Manny Pacquiao has done a great job throughout the promotion of the fight playing the role of Manny Pacquiao. But the one person I believe he has yet to fully convince is himself, and that won't happen until he finally steps into the ring and regains his comfort level in an actual fight.
This goes deeper than any superficial fear of facing Rios, or even Pacquiao doubting his own punch resistance after such a brutal knockout. This is more about overcoming the loss of his invincibility, something Pacquiao had been able to maintain even through multiple defeats.
Pacquiao is quick to mention that he has come back from a knockout defeat twice before. But those fights came in the 20th century, when Manny was still a teen, and in both cases he was depleted after missing weight. In fact, his most recent KO loss, in a 1999 flyweight title fight against Medgoen Singsurat, came on a body shot.
The knockout loss to Marquez holds significantly more meaning. Pacquiao is now a worldwide star and a not-long-deposed pound-for-pound king who has redefined what's possible for a fighter his size by successfully making unprecedented climbs in weight. Moreover, before last December, he hadn't suffered a legitimate knockdown in nearly 10 years.
Moreover, history has been unkind to fighters Pacquiao's age -- he turns 35 next month -- and particularly those attempting to regain top form after such a brutal defeat. Having to deal with the realities of suddenly feeling mortal is a heavy burden for anyone, but it carries a special sting for a fighter: It means he's frighteningly close to his scariest opponent -- the end.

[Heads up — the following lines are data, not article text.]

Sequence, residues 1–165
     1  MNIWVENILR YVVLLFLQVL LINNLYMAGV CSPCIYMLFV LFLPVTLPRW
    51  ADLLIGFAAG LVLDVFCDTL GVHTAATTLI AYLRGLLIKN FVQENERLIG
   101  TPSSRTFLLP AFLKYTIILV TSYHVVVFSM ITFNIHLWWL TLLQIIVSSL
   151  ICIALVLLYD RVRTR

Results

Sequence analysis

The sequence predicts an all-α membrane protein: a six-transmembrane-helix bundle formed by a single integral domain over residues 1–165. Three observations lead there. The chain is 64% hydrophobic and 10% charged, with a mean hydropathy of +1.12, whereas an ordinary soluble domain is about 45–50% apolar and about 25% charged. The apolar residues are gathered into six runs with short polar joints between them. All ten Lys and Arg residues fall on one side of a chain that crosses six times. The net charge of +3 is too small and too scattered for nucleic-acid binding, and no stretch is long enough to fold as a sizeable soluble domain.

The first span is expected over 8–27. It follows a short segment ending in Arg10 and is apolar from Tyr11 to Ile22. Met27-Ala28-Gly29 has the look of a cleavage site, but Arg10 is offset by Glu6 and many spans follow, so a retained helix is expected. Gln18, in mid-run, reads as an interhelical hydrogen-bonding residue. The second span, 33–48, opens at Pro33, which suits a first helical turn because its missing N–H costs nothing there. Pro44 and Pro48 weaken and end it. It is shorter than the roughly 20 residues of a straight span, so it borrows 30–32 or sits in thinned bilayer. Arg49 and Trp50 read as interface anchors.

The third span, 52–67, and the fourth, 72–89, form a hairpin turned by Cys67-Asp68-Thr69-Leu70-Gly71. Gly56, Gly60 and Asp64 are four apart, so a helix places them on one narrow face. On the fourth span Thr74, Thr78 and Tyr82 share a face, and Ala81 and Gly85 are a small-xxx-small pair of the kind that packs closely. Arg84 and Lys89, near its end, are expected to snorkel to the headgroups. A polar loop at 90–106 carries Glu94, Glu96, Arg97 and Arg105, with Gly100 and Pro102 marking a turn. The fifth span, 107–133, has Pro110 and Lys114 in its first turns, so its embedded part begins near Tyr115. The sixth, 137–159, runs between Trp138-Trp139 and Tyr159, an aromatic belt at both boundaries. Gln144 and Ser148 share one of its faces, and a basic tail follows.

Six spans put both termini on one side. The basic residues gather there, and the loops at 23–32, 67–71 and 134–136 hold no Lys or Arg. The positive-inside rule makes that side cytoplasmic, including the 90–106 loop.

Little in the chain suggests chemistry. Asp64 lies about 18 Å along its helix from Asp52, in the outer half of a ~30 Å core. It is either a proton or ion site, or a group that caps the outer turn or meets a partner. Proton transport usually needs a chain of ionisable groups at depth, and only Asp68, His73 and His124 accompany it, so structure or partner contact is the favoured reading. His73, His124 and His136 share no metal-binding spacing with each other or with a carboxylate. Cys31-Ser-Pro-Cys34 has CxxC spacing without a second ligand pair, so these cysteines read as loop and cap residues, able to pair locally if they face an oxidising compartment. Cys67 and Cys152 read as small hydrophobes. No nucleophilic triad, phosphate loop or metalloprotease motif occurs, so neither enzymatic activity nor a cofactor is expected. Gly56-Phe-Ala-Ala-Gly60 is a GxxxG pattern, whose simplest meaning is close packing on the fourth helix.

Pacquiao may have built himself a life of royalty as an international celebrity and humanitarian who moonlights as a congressman in his native land. But in his heart, he's a fighter. It's his identity and has been his profession and craft for more than half his life. Without that foundation, he might think, what is he really?
After listening to Manny dance and feint around more questions with typical deftness -- "That's just boxing" and "It comes with the territory" -- I closed my time with him by asking whether he hopes to someday avenge the defeat to Marquez. He told me about how he was convinced, after watching the replay of their fourth fight, that he was one round away from finishing JMM.
"Before that accident happened ..." Pacquiao said, before stopping in his tracks to catch himself mid-sentence.
It was the way he said "accident" that was startling, and we locked eyes with the same surprised look. It was as if the word snuck out from behind his tight defense -- a rare moment of honest clarity during an otherwise forgettable stop on an infinite journey of standard-fare interviews.
Pacquiao paused, prompting members of his team to break free from their own conversations, as if a record playing in a club had come to a screeching halt. He looked at them. They looked back at him. And just like that, the curtain revealing the man closed. Pacquiao began again, as if the moment had never happened: "Before the knockdown happened, the fight is very good."
But Pacquiao will find that he can't dodge or slip any lingering self-doubt he carries into the ring on Saturday. He'll have to face it just as he does a come-forward brawler in Rios: head on.